Govt plan to fund continuing students hangs in balance

The HESFB chairperson Dr Charles Wana-Etyem (2nd Left) hands over the list of benefeciaries to the state minister for Higher Education, Dr John Muyingo

The Higher Education Students Financing Board (HESFB) will this year not support any finalists that are struggling to finish their study programmes due to lack of tuition fees.

In September last year – after seven years of waiting – the government released Shs 500m to kick-start the scheme of supporting continuing students but no funds have been set aside this academic year 2022/23 as highly anticipated, writes YUDAYA NANGONZI.

The board had agreed to support continuing students following two years of incessant calls and appeals from this category of students to complete their programmes. During the release of the 9th cohort of student loan beneficiaries for the academic year 2022/23, continuing students were shelved.

Out of the 3,089 applications that were received, at least 672 forms were rejected, leaving only 2,417 applications to be reviewed for selection.

Of the 672 forms, continuing students continued to register the highest number of rejected applications as the board primarily gives priority to needy but brilliant first-year students intending to study science-related programmes – save for persons with disabilities that are cleared to study programmes of their choice, including humanities.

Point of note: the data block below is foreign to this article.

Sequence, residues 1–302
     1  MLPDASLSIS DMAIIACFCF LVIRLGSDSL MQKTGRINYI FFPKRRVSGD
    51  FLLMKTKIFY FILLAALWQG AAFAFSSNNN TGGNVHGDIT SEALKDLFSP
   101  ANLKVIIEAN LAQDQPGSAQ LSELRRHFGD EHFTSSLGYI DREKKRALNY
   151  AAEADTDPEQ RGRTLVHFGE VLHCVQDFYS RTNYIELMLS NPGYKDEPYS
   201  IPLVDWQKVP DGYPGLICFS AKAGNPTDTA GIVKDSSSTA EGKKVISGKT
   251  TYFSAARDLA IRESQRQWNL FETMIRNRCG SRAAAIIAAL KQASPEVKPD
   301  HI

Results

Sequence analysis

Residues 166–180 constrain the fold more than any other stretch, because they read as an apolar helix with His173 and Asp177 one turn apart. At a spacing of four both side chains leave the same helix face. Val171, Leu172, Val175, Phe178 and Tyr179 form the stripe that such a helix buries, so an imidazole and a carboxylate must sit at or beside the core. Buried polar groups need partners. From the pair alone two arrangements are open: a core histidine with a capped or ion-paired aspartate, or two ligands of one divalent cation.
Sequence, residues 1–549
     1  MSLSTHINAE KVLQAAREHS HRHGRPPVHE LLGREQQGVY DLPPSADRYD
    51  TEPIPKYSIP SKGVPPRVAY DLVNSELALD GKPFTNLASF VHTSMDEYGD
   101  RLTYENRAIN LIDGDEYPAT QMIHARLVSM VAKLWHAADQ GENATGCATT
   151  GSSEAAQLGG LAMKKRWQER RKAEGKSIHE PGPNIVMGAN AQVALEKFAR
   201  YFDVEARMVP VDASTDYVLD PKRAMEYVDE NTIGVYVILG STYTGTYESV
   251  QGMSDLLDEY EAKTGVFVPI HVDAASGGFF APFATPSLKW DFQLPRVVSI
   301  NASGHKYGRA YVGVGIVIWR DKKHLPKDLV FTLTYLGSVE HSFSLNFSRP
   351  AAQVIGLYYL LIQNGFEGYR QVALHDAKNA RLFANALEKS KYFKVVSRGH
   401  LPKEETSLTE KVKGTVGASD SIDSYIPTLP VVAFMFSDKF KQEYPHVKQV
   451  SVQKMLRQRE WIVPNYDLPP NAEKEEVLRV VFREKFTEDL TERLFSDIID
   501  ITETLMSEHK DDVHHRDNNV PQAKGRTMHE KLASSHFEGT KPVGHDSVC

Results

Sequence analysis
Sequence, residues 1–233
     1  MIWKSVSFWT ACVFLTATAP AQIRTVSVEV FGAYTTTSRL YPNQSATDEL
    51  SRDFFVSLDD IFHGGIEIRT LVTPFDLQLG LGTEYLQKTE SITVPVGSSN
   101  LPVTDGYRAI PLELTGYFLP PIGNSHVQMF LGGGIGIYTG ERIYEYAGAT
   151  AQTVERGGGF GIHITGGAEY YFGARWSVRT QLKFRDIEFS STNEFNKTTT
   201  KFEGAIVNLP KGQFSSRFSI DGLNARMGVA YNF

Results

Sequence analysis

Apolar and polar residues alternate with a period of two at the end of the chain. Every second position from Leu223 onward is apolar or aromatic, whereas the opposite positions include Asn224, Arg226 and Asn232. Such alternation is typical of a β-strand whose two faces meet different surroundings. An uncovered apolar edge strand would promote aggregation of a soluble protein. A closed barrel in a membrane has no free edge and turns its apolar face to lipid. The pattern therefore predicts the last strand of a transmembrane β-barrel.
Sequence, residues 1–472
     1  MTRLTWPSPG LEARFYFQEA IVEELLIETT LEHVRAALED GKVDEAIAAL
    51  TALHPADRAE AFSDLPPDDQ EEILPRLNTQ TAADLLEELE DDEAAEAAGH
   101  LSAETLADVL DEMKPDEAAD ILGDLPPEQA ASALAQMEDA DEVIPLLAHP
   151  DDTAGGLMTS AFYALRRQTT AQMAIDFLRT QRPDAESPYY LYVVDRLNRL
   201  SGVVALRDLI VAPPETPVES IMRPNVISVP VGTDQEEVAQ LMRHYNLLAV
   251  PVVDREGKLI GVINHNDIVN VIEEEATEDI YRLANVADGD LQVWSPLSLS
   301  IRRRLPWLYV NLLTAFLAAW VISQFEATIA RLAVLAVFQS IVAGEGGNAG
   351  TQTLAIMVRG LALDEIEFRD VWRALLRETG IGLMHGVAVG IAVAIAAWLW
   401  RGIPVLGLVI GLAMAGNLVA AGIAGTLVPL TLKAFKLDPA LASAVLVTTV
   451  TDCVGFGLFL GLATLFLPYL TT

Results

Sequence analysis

At least 177 males and 74 females had their applications excluded for being continuing students. More applicants were denied loans for hiding under the disability category without giving evidence to their claims.

The executive director of the HESFB, Michael Wanyama, expressed the need in the future for the government to fund continuing students who are struggling to cater for their education costs.

“The funds for continuing students should be reinstated because of the high attrition rates at the higher learning institutions that fall between 25 and 30 per cent. Two years ago, we were able to receive Shs 500m to fund continuing students but this year that money was not given to us. We also appeal to the government to increase funding to cater for the high demand for student loans,” Wanyama said at the Uganda Media Media Center last week during the official release of the beneficiaries.